There are always those bands that you can count on to release variations of the same album over and over again. No matter how interesting it might be to hear artists try new instrumentation, it’s still comforting to know that when Bad Religion puts out a new album it will still sound like Bad Religion; It could be cool to see what happens when artists attempt genres outside of their wheelhouse, but it’s also just as cool to put on a new NOFX album and already feel like you’ve known the songs for years.
If you think I’m implying that 11 Short Stories of Pain & Glory, the latest album by Dropkick Murphys (and allegedly their first of two albums to be released in 2017), sounds like everything else the band has done, it’s because I am implying that. But if you also think like I’m implying that 11 Short Stories of Pain & Glory somehow deviates from the Murphys’ usual trends, it’s because I am also implying that. And the weirdest thing is that they’re both correct statements.
First and foremost, this is most definitely a Dropkick Murphys album. There are shout-along choruses, songs about brotherhood, being kicked down, or standing together in the face of violence and fear, traditional covers, and just enough bagpipe. Anyone who has stuck with the band over the past decade and a half is sure to be on board with this. The band knows their strengths and have been playing to them since at least 2001. The album’s first single, “Blood,” alongside “Rebels with a Cause” and “Sandlot” form a strong first third of the album, with plenty of that DKM charm (here are the choruses of all three, respectively: “If you want blood, we’ll give you some straight from the heart til the job is done”, “We believed in you, we knew it from the start- hey kid! You’ve got heart!” and “We had it all when we were young”).
The true standout on 11 Short Stories, however, is the penultimate track “4-15-13.” Written as a tribute to the people of Boston, the song is a somber reflection of the titular day’s bombings committed during the city’s annual marathon. Rather than focusing on the actual bombings, the song turns inwardly at all the people who make up Boston and how, despite their differences, they’re all still Bostonians and they’re all still in this together no matter what life throws at them.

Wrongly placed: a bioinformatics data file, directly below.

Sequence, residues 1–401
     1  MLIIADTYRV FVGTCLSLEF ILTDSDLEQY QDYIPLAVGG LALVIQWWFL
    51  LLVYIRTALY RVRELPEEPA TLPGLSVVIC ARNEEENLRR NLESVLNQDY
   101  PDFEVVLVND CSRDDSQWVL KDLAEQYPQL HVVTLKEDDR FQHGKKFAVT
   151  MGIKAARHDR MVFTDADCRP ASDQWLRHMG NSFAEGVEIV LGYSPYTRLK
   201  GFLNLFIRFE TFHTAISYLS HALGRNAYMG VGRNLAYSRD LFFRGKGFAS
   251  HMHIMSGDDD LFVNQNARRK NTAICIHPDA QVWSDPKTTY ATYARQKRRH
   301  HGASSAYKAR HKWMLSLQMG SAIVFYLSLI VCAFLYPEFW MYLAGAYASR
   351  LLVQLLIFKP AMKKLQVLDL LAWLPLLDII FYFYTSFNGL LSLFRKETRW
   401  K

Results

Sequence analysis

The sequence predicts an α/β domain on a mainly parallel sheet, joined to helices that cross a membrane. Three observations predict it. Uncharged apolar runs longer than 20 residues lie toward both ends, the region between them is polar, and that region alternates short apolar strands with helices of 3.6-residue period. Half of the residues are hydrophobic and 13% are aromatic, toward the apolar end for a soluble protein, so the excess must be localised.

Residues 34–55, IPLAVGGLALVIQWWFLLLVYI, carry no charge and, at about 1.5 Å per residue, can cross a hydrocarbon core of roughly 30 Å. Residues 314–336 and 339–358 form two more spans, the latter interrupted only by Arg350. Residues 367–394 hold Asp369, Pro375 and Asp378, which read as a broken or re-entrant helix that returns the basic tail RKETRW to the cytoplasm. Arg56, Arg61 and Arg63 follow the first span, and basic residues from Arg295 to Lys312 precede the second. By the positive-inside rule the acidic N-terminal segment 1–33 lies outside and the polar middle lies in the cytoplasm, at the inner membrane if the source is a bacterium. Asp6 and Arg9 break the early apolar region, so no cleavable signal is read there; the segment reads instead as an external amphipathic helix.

And yet, for all of its familiarities that make it a Dropkick Murphys album, 11 Short Stories still somehow feels a little different. The production isn’t quite as glossy as The Meanest of Times but it’s still not exactly The Gang’s All Here quality either. And the covers, while present, are in short supply, and not exactly what you might expect from the band. “The Lonesome Boatman,” which kicks off the album, is beefed up from its tin whistle-led original and not too surprising, but the album’s other cover, rather than being a traditional Irish jaunt like the band’s usual style, is “You’ll Never Walk Alone” from Rodgers and Hammerstein’s Carousel (for the uninitiated, the song is often associated with football clubs around the world, which might give a better context for how the band became familiar with the song, although bassist/vocalist Ken Casey also went on record to say that he was inspired to cover the song after finding solace in the lyrics as he was leaving a wake for a friend who died of an opiate overdose). The filler tracks here range in quality- “I Had a Hat” is kind of nonsensical but it’s still a fun, uptempo punk romp, but “First Class Loser” doesn’t accomplish much except for come off as a mean-spirited joke, which is bizarre in the face of the album’s other songs about standing together. The album’s final track, “Until the Next Time” is the oddest departure of the bunch, coming off as more of a Broadway sing-along than the actual Broadway tune.
Despite all of the over-analyzation, 11 Short Stories of Pain & Glory is really just one thing: a Dropkick Murphys album. And in the long run, that’s all it really needs to be.
3.5 / 5